Sunday, 30 May 2010

UK: AHRC Collaborative Doctoral Award in Architecture (PhD Studentship) At Cardiff University

Closing Date: 11/06/2010
Duration: 3 years
Funding Amount: UK/EU Fees plus Stipend (£13,290 for 2009/10)
Level of Study: Postgraduate Research
Regions: EU (Non UK), UK

Key Studentship Information

The Welsh School of Architecture invites applications for a Collaborative Doctoral Studentship funded by the AHRC and supervised in partnership with the Department of Asia at the British Museum.

Project Title: Brick Foundations: Ahichhatra and the Formation of Indian Sacred Architecture in the Gupta-Vakataka Age.

Supervisors: Dr Adam Hardy (Welsh School of Architecture) Secondary supervisor: Dr Michael Willis (British Museum)

Start Date: 1 October 2010

Project Description:

This Doctoral research project will contribute to an understanding of the formation of Indian temple architecture during the Gupta period (c. 320-500 CE). The AHRC-funded Collaborative Doctoral Award programme will be based at the Welsh School of Architecture, within the research group PRASADA, and supervised in partnership with the Department of Asia at the British Museum, where the student will spend some of their time.

The Gupta period has often been characterised as a 'golden age'. It was the time when Sanskrit emerged as a courtly language, when standard religious iconographies were created in a superlative artistic style, and when seminal literary, scientific and ritual texts were composed. Indian culture took on a character that defined its direction for more than a thousand years and determined many features of traditional life that are prevalent even today. The classical styles of Indian temple architecture also took shape at this time. Surviving stone temples of the period are relatively well known, Brick temples, covered in superb sculpture and ornament made of terracotta, were far more widespread, but more perishable. Apart from the relatively well preserved example at Bhitargaon, which is not typical, these monuments survive only as foundations brought to light by archaeologists or, in a few cases, as crumbling brick mounds. Traces of them, however, can be found in numerous sculptural and ornamental fragments, from which an understanding of this lost architecture can be constructed.

No full understanding of Gupta brick temples has yet been attempted, because the available evidence, though considerably augmented in recent decades, has not been brought together, let alone studied systematically. This project aims to do both, in order to discover the formal character of temple architecture in this formative period, and through this architectural understanding to throw light on the historical and cultural context in which the temples were built.

The scope of the project is therefore wide, but its focus is defined: the fifth-century, terraced, brick Gupta temple mound at Ahichhatra in Uttar Pradesh, and in particular the twenty-six terracotta architectural fragments from Ahichhatra held in the British Museum. These comprise several small figures, full of charm and lively spontaneity, together with pilasters, capitals, grille designs, dentils and other mouldings. In the light of all the fragmentary visual evidence that will be collated, and which will be supplemented by fieldwork, the aim of this doctoral research programme will be to reconstruct the original architecture to which the British Museum's fragments from Ahichhatra belonged, at the same time revealing the general principles underlying the design of temples at this time.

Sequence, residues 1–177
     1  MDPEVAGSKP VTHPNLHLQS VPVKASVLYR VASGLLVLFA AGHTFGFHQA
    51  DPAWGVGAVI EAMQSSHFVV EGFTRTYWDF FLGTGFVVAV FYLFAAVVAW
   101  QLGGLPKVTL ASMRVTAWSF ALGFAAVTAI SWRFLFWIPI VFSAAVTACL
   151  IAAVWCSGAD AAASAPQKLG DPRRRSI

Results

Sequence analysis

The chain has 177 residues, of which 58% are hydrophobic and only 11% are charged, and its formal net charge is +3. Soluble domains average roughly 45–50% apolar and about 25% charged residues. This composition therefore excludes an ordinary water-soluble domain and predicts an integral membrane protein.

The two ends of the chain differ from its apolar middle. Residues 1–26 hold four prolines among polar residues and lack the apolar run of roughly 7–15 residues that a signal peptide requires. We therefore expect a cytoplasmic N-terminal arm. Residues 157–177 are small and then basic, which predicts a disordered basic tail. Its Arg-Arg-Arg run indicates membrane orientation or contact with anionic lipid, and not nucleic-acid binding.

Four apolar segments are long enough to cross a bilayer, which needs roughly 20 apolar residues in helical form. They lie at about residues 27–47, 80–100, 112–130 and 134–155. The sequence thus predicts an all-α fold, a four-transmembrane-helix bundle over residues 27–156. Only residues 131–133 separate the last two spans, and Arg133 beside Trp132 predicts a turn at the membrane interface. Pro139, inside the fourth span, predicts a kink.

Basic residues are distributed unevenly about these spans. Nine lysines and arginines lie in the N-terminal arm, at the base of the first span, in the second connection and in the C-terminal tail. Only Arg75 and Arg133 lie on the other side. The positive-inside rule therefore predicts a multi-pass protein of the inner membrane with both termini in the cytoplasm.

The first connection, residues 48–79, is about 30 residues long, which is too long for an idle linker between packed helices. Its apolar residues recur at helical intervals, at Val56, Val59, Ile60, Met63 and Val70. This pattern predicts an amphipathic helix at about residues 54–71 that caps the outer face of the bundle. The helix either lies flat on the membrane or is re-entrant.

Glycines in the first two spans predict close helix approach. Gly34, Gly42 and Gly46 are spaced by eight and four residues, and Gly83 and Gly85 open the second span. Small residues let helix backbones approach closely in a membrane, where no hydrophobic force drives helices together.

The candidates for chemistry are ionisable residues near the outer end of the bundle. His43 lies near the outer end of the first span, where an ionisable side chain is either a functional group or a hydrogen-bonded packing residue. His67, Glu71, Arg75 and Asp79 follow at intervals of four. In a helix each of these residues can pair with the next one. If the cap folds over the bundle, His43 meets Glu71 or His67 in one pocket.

The project is timed in order to inform a major exhibition on the Gupta age to be held at the British Museum in 2013. Pieces from Ahichhatra will be prominent, and it will be possible to illustrate their original context. The project will influence the thinking behind the exhibition.


Number of Awards: 1

Funding Source: Arts and Humanities Research Council (AHRC) Collaborative Doctoral Award, offered in collaboration with the Department of Asia at the British Museum.

Funding Amount: This studentship will provide UK/EU tuition fees and an annual maintenance stipend (£13,290 for 2009/10) for the duration of the programme (3 years).

The successful candidate will also be eligible for an additional payment of £500 per year, approximately £1000 per year plus travel expenses from the British Museum and up to £1000 per year from Welsh School of Architecture for any further expenses.


Residency Criteria: Full awards (fees plus maintenance stipend) are open to UK Nationals, and EU students who can satisfy UK residency requirements. To be eligible for the full award, EU Nationals must have been in the UK for at least 3 years prior to the start of the course for which they are seeking funding, including for the purposes of full-time education. EU Nationals who do not meet the above residency requirement are eligible for a fees-only award, provided that they have been ordinarily resident in the EU for at least 3 years prior to the start of their proposed programme of study.

Academic Criteria: Candidates should have a good (minimum 2.1 or equivalent) first degree in one of the following areas: Architecture, History of Art, Archaeology, or an aspect of South Asian Studies, together with an appropriate Masters degree or equivalent experience. They should have a grounding in Indian culture, ideally at Masters level.

For further guidance on AHRC Eligibility Criteria, please see the Guide to Student Eligibility on the AHRC website.

How to Apply

To apply, prospective applicants must first send a CV and Covering Letter to:
Ms Katrina Lewis

Application Deadline: 11th June 2010

Additional Information

Enquiries: for informal enquiries about this studentship, please contact:

Ms Katrina Lewis/ Dr Adam Hardy
Email: /
Tel: +44 (0)29 2087 6251/5982

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